Review: Telltale’s Walking Dead Seasons 1 & 2

I purchased the first season of Telltale’s The Walking Dead series before knowing anything about what The Walking Dead really was. I hadn’t watched the show (with the exception of the pilot several years ago), and I certainly didn’t know anything about the comics. I picked up the game simply because I enjoyed story-driven decision-based games, and the game got almost unanimously positive reviews. So even though I don’t care for zombies, I would still presumably enjoy it.

As it turns out, Season 1 took a very long time to start enjoying. It was basically my first real attempt at partaking in anything Walking Dead. So there was a learning curve, so to speak, regarding its style. Not the style of the gameplay or graphics or anything, but the style of The Walking Dead universe… It took me many months to summon the enthusiasm to get through the first three episodes. I just wasn’t getting it, and the gameplay really bothered me.

The whole gameplay presentation just seemed very clumsy. Playing on the PC, it was difficult to choose conversation options, because they are close together and they are not numbered. In order to do well in conversations, you had to quickly get good at skimming for the point of each option, then figuring out which number (1,2,3, or 4) it corresponds to, and then locate that number on the keyboard all before the timer runs out. I eventually hot-keyed the four numbers onto my mouse, but that only made it slightly less difficult. I would go into a panic trying to not screw up in conversations.


The illustration style is comic-book like, clearly an homage to the Walking Dead comics, so that’s fine. But the animations following suit with cartoony-ness I didn’t like. It sort of took me away from the tension to see a character’s exaggerated gestures or expressions.

The camera angles were a problem sometimes. Kind of similar to the early Silent Hill games, where the camera would be placed stationary in the environment and you had to walk the character around the best you could without seeing directly in front of you. The issue comes when you can’t see well enough to navigate around something, or you find it hard to notice all the interact-able items, or the view prevents you from having the clearest possible understanding of your environment. This happened a lot in this game.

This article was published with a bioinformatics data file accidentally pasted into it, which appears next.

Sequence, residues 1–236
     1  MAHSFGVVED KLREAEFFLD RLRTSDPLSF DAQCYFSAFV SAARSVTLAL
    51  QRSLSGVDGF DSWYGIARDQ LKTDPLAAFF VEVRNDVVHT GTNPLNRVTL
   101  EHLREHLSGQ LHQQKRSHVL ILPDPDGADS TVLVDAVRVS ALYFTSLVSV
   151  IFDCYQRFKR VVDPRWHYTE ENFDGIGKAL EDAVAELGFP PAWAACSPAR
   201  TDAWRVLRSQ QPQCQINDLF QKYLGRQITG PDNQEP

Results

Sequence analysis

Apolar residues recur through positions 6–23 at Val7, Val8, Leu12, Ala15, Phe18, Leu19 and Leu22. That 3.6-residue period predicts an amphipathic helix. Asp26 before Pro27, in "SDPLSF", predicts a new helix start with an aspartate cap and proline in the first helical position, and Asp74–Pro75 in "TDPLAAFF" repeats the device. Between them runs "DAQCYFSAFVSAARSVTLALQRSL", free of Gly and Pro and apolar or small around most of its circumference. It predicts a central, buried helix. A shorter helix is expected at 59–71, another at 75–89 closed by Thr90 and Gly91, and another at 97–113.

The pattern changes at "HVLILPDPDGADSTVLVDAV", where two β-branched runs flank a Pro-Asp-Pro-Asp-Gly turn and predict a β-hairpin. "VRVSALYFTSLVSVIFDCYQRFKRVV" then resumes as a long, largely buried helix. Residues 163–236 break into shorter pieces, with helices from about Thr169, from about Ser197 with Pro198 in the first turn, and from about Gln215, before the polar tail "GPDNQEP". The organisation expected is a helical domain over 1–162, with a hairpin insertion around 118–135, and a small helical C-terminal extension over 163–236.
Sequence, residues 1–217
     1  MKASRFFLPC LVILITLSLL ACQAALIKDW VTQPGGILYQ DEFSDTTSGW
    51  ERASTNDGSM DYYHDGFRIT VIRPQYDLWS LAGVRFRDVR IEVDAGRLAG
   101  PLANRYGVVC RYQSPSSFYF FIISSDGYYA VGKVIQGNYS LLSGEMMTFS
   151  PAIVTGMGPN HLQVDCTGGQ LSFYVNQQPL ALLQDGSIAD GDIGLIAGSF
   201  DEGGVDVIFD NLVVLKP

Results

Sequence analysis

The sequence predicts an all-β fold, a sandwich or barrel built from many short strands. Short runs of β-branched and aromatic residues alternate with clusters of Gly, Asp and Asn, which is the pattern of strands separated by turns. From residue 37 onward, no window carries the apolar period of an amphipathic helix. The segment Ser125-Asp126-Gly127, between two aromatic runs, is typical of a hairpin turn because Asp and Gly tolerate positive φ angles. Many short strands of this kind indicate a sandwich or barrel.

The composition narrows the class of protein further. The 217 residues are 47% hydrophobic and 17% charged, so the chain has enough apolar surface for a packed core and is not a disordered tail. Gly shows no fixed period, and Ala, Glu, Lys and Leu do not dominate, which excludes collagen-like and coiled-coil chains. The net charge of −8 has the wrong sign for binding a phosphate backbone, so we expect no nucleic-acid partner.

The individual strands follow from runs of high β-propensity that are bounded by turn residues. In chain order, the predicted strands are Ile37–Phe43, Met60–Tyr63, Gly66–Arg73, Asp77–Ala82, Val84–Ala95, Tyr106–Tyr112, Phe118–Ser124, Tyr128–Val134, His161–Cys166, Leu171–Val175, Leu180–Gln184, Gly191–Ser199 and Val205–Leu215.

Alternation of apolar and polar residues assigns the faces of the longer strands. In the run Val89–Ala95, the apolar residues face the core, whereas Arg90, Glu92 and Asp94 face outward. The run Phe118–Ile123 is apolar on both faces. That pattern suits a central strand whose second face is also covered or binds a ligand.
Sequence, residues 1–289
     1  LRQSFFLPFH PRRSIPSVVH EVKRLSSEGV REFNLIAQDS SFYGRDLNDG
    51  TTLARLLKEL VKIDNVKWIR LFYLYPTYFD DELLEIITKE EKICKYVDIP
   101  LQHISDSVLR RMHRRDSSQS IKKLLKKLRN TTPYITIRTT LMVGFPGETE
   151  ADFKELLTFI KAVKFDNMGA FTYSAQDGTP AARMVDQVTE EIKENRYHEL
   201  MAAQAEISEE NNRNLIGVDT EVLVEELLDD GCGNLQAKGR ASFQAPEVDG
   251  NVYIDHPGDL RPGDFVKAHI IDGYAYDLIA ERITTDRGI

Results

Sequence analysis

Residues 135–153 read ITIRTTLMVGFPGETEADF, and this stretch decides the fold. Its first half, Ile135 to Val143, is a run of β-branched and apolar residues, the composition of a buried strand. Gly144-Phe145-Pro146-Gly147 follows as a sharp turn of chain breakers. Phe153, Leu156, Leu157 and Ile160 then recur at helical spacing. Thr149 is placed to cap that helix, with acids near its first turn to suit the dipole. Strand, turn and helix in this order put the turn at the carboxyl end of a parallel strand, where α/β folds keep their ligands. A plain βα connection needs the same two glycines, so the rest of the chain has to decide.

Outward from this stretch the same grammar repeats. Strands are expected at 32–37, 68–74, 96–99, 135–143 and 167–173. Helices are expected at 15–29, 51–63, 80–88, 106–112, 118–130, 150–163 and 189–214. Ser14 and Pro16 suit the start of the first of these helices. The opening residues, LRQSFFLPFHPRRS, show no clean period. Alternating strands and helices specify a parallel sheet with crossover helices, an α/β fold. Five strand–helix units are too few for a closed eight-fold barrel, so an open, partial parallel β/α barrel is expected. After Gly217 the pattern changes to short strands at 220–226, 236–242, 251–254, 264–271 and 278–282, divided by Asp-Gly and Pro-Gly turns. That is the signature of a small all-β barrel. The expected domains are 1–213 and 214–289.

The story sometimes had me jumping through hoops that I found annoying. Like, there’s a couple times where you have options to try out and only one of them is right, and the game will make you exhaust all the others before the right one becomes available. It controls the experience too much, leaving not much room for inspired thinking. In one scene, I noticed a light coming from under a door and went to check it out, but I couldn’t interact with it, because there were still other things I had to interact with before my character could ‘notice’ it — even though I already noticed it.

On top of the crummy gameplay, I wasn’t really into the story. I couldn’t find any characters to latch onto; I didn’t really like any of them. Lee was kinda boring, Clementine was uninteresting, and neither of them had very good voice acting. The only interesting characters were only so because of how chaotic and intense they were, and were still not likable, like Kenny and the grumpy old man. I did like the idea of Lee’s relationship with Clem, but it wasn’t quite hitting hard enough at that point…